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 From an emotional standpoint, a case where someone is accused driving under the influence and killing another person is one of the toughest.  With the victim, you usually have someone who did not deserve to die.  They are often young, in the prime of their lives.  They are usually also close to the driver.  The victim is often a spouse, girlfriend, boyfriend, or sibling of the accused.  Unfortunately, that person is not available to express forgiveness to the driver.
 
As for the driver, you often have a person who has never been in trouble in his life.  He may be college educated, have a great job, and a loving family.  But for this horrible incident he would have continued to be an upstanding citizen.
 
Recently, a San Jose woman pled guilty to gross vehicular manslaughter after hitting and killing a 79 year old grandmother.  She is waiting to be sentenced by a Santa Clara County judge.  Her maximum possible sentence is 12 years in the state prison.  In fact, the judge is precluded from granting this woman probation unless he finds “unusual circumstances” where the interests of justice require it.  According to statements, the family of the victim has forgiven the defendant, and believes that the victim would forgive her as well.  Unfortunately, California DUI sentencing law provides somewhat less opportunity for the Court to forgive her. 

As a former prosecutor, I can tell you that, regardless of the outcome, nobody wins in these cases.  Regardless of what side you are on there is nothing but tragedy in these cases.  An innocent victim loses her life, and a contrite survivor is cast into the hell of the California prison system.  

Blog Category:
11/17/2008
Vaughan de Kirby
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That we now live in an “information age” is something we’ve all heard. Aside from the obvious fact that technology is getting more advanced and more widespread, it’s not always clear what this oft-repeated phrase actually means. It’s not always clear what kind of “information” we’re talking about.

What can sound like an airy abstraction, in reality, refers to a very real state of affairs. Think, for example, of the growing importance of a person’s credit score. A credit score is a bit of information that can have a tremendous impact on a person’s opportunities and quality of life. Companies are making a great deal of money helping clients improve their credit scores, and people are happy to pay.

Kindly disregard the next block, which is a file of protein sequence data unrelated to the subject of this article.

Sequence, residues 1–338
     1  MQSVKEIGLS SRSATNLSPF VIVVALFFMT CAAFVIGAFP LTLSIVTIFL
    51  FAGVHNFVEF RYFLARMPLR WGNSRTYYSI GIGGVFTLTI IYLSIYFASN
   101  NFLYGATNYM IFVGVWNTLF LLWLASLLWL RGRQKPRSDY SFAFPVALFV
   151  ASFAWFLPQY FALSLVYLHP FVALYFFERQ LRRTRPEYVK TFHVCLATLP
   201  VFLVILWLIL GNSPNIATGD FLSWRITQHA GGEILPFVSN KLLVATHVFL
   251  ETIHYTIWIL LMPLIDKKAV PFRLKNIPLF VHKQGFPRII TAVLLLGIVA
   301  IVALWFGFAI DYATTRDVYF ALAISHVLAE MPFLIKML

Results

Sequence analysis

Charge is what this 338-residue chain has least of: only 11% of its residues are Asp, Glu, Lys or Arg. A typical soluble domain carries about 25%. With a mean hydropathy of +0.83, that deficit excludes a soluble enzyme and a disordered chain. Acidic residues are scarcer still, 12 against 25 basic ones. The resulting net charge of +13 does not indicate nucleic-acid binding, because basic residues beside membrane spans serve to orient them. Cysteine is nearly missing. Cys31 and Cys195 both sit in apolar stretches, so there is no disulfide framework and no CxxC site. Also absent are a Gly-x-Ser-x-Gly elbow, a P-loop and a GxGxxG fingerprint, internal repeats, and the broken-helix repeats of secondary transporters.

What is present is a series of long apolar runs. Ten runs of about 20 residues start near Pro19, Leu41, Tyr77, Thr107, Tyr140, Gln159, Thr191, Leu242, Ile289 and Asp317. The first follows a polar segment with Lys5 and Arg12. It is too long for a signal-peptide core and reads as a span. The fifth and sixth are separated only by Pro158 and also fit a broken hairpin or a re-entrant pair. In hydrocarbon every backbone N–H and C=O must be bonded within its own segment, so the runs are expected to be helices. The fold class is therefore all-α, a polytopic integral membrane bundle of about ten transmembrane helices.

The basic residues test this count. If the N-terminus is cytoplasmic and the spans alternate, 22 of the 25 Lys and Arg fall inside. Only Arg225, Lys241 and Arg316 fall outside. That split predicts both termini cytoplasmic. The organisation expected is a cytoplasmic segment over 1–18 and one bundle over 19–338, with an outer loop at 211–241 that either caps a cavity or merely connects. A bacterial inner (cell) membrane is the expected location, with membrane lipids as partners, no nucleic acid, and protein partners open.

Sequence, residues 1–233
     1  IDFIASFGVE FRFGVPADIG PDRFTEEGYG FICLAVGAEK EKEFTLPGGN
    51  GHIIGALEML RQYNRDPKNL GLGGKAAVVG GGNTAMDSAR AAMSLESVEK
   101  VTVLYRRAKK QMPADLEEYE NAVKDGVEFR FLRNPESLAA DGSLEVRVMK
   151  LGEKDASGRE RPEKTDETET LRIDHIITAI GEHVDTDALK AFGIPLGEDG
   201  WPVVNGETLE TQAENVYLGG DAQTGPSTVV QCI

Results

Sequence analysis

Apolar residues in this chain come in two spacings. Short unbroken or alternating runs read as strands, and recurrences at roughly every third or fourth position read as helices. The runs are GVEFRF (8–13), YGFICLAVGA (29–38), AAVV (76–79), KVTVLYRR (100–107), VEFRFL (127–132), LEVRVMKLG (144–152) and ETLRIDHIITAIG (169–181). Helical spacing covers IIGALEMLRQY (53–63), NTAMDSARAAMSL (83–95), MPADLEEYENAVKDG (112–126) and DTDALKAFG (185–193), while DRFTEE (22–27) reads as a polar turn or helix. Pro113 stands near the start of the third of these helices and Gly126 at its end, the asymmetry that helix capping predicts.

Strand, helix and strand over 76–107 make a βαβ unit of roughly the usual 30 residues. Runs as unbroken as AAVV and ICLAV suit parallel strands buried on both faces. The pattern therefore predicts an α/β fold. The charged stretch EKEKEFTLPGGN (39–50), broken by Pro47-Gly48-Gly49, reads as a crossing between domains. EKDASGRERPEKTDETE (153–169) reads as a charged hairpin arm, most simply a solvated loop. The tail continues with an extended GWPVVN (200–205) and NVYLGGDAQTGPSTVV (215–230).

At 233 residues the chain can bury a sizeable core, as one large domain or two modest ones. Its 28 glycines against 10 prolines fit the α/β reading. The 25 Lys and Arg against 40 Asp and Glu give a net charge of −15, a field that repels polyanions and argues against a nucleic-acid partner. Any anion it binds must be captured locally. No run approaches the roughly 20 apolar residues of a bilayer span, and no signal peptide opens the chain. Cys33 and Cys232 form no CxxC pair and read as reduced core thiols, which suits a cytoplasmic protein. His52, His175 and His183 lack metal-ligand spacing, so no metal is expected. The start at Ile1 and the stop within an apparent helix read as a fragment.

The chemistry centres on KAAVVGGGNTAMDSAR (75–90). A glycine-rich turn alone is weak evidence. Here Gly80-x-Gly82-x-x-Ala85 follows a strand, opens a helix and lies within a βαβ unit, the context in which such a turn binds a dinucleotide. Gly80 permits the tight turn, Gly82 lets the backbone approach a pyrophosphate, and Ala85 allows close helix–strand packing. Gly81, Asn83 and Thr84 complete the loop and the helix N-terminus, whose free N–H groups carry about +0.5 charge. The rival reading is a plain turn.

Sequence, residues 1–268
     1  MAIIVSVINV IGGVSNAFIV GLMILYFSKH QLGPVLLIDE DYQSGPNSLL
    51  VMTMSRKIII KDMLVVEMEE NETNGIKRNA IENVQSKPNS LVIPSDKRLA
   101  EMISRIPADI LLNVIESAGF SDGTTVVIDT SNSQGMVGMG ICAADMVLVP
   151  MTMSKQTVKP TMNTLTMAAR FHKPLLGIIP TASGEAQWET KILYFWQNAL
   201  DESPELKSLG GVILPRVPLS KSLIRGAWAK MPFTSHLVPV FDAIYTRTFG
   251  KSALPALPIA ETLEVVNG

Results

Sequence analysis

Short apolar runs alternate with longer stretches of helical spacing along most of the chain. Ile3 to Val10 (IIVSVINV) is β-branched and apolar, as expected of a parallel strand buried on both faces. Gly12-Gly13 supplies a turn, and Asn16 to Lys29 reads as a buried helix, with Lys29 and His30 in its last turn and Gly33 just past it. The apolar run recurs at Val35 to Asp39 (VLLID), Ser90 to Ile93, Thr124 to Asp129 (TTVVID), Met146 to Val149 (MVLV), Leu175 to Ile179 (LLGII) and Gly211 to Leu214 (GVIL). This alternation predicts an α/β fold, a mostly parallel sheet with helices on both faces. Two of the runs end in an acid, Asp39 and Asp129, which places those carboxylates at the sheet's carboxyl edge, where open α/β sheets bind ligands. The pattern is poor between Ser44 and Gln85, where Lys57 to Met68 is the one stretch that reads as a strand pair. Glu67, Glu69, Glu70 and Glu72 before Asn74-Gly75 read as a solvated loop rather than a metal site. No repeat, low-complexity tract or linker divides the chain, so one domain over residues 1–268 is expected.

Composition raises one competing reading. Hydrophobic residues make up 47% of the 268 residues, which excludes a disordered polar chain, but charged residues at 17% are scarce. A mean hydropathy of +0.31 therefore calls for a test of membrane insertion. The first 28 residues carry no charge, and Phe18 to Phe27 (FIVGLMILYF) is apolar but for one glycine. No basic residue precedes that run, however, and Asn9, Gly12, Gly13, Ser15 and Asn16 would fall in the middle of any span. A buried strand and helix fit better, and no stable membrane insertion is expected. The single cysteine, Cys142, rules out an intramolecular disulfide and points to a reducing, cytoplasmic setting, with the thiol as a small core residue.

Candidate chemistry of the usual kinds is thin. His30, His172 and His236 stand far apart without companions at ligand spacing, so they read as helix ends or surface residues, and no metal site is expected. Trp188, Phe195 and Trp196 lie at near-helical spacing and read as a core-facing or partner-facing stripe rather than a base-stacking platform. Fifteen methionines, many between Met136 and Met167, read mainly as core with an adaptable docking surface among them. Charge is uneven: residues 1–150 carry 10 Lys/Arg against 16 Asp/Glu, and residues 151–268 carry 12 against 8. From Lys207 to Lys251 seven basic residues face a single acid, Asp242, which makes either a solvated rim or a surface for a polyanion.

Living in an “information age” means that our standing in society—our freedom, opportunities, and quality of life—is to a great extent determined by certain pieces of information about each of us. Our medical records can determine whether we get insurance; our credit score can decide whether we receive a much-needed loan. Reducing a person’s life—or, to put it another way, reducing a person’s character and reliability—to a few numbers or bits of information is a marvelous way to increase efficiency in making the kinds of decisions that employers, insurance providers, and banks have to make. The costs, however, are high, especially to those whose records are unfairly blemished. 

And there is no mark more damaging, more limiting, than a criminal record. A criminal record—even if it’s just an arrest record for a DUI, without a conviction—can mean that a person is permanently treated like a criminal. And criminals, it should go without saying, have a hard time finding jobs and getting loans.

Living in an information age has tremendous advantages. But it is important that people have the resources to ensure that their records do not mean a life sentence. But this isn’t something that most people can do alone, nor should they have to. If you’ve been arrested and charged with a DUI, whether you’ve been convicted or not, it’s important that you talk to an expert about getting your record expunged. As minor as it may eventually seem once time has passed, it is impossible to anticipate when your record will eventually reemerge and the effect it will have. Expunging your record is not only a guarantee that your past doesn’t determine your future, but is one of the best ways of giving yourself some closure. It is the best way, in every sense, of putting your DUI behind you.



Category: General

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11/17/2008